It’s a time of reflection for Steve Hackett. With his autobiography, A Genesis In My Bed, on the bookshelves and a new live album retelling his old band Genesis’s most powerful prog statement with a version of Selling England By The Pound, the time seems right to look back and trace his musical journey to its starting point…
In The Beginning
“The mouth organ was a big deal for me, so from the age of about two my parents started buying me harmonicas because it was my favourite toy. My mum says I was playing tunes at two, but that can’t be possible. She said, ‘You used to play the same little tune over and over again…’ I do remember what was going on and it was trying to learn to isolate the notes so that I could move them around.
“So I think I spent forever just playing the lowest two notes – suck, blow and move around – and then for some reason one day I realised I could play a bunch of tunes. I don’t know if I was three or four, but certainly no older than that. I could play Scotland The Brave, Oh! Susanna and God Save The Queen. Suddenly I could play three tunes. ‘Look, mum!’”
Into The Shadows
“Guitar started to become important around the late 1950s. Maybe I’ve got the chronology wrong here, but I seem to remember the first single I bought was The Shadows’ Man Of Mystery and I thought it had an intriguing sound. I still think the melody is good – that descending sequence. I started buying just about every Shadows record I could, and many years later I met Hank Marvin and told him that was the first record I ever bought.
“He was very modest about it and very gentlemanly. It was refreshing to meet him. He was self-effacing and it was really quite extraordinary to meet my hero. The guitar sounded like that at that stage; guitars hadn’t learned to scream and sustain and rip and do all those slash and burn things until a little bit later.”
Wild Blues Yonder
“Bluesmen were doing this thing: Muddy Waters and Little Walter playing harmonica. Sonically, they’d already developed what rock was to do a decade later. They were way ahead of the white guys. I can’t stress the importance of that. Yet it was a marginalised music. I guess it’s not a case of being right, it’s a case of being right at the right time.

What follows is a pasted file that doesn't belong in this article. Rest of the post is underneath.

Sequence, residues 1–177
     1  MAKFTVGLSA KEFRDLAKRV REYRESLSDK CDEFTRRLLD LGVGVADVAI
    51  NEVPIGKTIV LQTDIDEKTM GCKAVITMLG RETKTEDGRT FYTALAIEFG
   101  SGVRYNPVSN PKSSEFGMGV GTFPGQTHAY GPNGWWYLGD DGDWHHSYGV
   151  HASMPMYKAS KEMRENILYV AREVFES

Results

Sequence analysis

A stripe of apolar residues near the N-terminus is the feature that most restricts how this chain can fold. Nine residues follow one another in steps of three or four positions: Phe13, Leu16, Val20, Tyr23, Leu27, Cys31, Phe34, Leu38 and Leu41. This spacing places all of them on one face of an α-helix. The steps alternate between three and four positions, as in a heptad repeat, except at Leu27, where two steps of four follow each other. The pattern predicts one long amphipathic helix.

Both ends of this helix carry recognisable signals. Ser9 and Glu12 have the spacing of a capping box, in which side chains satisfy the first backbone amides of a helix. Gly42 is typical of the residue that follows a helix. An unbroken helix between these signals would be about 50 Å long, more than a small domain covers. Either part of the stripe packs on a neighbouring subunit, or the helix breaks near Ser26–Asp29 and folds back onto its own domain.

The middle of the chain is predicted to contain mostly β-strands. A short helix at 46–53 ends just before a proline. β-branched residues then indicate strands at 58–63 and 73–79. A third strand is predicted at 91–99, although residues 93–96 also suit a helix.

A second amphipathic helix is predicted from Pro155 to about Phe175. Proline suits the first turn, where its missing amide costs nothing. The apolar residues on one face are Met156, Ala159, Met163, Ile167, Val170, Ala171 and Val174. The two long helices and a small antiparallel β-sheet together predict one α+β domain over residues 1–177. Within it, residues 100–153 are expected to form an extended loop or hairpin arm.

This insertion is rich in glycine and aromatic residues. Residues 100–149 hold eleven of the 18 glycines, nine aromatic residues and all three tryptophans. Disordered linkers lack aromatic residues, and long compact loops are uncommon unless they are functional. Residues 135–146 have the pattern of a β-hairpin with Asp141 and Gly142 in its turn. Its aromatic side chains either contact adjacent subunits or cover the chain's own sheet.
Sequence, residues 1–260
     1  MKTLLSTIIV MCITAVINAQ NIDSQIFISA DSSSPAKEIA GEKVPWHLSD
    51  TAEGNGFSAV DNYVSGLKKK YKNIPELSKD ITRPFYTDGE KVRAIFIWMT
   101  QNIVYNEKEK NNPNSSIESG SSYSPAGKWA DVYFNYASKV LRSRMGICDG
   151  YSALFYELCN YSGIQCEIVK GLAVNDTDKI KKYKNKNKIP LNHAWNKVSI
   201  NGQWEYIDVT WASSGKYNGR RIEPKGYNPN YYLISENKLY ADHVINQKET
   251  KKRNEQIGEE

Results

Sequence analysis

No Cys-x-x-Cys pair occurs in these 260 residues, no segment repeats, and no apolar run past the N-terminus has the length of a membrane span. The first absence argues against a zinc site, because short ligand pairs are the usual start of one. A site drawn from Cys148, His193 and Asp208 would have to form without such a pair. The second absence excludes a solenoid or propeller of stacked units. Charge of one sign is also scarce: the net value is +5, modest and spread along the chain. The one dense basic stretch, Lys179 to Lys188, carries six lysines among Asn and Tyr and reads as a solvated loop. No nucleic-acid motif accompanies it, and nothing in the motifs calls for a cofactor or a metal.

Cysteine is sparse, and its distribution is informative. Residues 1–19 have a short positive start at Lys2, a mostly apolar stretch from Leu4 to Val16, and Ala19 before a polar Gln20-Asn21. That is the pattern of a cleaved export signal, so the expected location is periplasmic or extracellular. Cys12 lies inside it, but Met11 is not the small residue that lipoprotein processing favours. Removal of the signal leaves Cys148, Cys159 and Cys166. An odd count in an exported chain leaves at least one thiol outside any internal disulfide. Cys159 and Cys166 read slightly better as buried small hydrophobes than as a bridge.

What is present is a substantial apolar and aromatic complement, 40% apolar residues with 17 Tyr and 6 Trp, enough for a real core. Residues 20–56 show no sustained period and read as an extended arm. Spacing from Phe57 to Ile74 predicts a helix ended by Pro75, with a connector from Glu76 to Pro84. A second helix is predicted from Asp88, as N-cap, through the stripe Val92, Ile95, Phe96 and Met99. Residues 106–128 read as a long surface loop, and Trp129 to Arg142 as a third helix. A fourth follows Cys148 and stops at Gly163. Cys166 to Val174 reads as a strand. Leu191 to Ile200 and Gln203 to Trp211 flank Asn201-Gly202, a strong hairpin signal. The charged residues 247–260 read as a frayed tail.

“But luckily, of course, due to The Beatles and The Stones mainly and the bluesmen and the blues bands that were to follow, a light was shone on those great luminaries themselves and many of them were able to forge second string careers. The very things that they were disqualified for having done at one point, suddenly they’re being applauded for. But isn’t that life?”
The Green Party
“I went to see John Mayall at Eel Pie Island. It was John Mayall’s Bluesbreakers with Peter Green on lead guitar and he was totally thrilling for me as a kid. It was like being admitted into the inner sanctum of the magic temple where you could go, drink and smoke underage, and see these guys who were our older brothers doing exactly what I wanted to be able to do. Peter Green was in the forefront of that.
“My young life wouldn’t have been the same without hearing Peter Green. I loved him then and I love him now. I didn’t catch The Stones when they were developing – I started going to gigs from 1966 onwards so I’d missed out on that. I hadn’t seen Eric Clapton with John Mayall, but something that’s not far from my turntable is Blues Breakers With Eric Clapton.”
High Action Adventures